Raspberry Pi Zero 2 W hits the market for $15

Shawn Knight

Posts: 13,628   +139
Staff member
What just happened? The Raspberry Pi Foundation may have increased prices for the first time ever due to the ongoing chip shortage, but supply chain woes could do little to slow innovation within the wall of the foundation. Eben Upton and company have announced a new version of the popular Raspberry Pi Zero W that packs the same Broadcom BCM2710A1 SoC die as the launch version of the Raspberry Pi 3 (albeit with slightly underclocked cores running at 1GHz) alongside 512MB of LPDDR2 SDRAM.

Upton said performance will vary depending on the workload, but in the multi-threaded sysbench test, the new Pi Zero 2 W is nearly five times faster than its predecessor.

Full hardware specifications are as follows:

  • Broadcom BCM2710A1, quad-core 64-bit SoC (Arm Cortex-A53 @ 1GHz)
  • 512MB LPDDR2 SDRAM
  • 2.4GHz IEEE 802.11b/g/n wireless LAN, Bluetooth 4.2, BLE
  • 1 × USB 2.0 interface with OTG
  • HAT-compatible 40 pin I/O header footprint
  • MicroSD card slot
  • Mini HDMI port
  • Composite video and reset pin solder points
  • CSI-2 camera connector
  • H.264, MPEG-4 decode (1080p30); H.264 encode (1080p30)
  • OpenGL ES 1.1, 2.0 graphics

To circumvent thermal restrictions, the foundation used thick internal copper layers to pull heat away from the processor. Upton said you can really feel the difference in weight when holding a Zero W and Zero 2 W in your hands, but that it pays off as an uncased Zero 2 W can run the Linpack linear-algebra stress test indefinitely without throttling in a 20C ambient environment.

The new Raspberry Pi Zero 2 W is available to purchase from writing priced at $15. That’s $5 more expensive than the Zero W, but is still incredibly affordable no matter how you slice it. Best yet, existing MagPi subscribers will receive a free Zero 2 W in the coming days, an offer that also extends to all new subscribers as a welcome gift for a limited time.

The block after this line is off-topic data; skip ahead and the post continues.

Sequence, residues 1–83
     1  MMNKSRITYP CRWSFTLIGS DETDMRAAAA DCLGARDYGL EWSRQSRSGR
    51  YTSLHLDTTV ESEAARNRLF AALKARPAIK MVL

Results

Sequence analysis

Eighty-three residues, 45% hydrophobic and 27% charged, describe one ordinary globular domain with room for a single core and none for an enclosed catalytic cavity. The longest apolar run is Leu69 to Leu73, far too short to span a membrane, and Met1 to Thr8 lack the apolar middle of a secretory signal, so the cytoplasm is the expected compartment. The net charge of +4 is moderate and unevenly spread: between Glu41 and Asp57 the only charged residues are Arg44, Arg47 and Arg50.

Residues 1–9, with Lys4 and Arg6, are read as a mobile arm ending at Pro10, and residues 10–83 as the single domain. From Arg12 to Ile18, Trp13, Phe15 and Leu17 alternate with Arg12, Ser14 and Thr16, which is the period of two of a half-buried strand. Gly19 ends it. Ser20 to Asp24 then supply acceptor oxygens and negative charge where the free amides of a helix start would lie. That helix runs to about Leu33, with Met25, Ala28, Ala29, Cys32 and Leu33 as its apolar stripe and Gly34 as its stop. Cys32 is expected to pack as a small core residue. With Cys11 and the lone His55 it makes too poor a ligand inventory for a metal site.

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bviktor

Posts: 549   +889
What's the use case for this? No ethernet, no storage (no, SD is not storage), no nothing. You can run pi-hole on it and that's about it. But you can already do that on your existing router most of the time.
 

mountains

Posts: 45   +59
What's the use case for this? No ethernet, no storage (no, SD is not storage), no nothing. You can run pi-hole on it and that's about it. But you can already do that on your existing router most of the time.

Yes, I considered that (using the router like a Pi-Hole) once, as well. I think one advantage for the separate install is that, at least for me, whenever I update the custom firmware on my router, I would have to redo a lot of the custom settings, too. It is just easier to run the Pi-hole on a separate hardware device. It just works. Also, the Pi is basically a backup computer that you could use to get online if your main PC goes down. And you can install tons of other things on it if you want.

The specs on this (older WiFi and Bluetooth, etc) may be a little limiting, but the price for what you get is astonishing! I understand your concern for the SD storage, but it works, and can be flipped out quickly if necessary, which can be handy. Just do your research on which SD card you buy for it.

I have a different model (Pi 4). Love it. I do have to go in a few times a year and do simple updates, but that is trivial. I highly recommend the Pi-hole thing for simple whole network block lists. There is some assembly required, but it was not that bad. It is impressive how well thought out the whole setup process was. And once it is running, it fairly set-and-forget.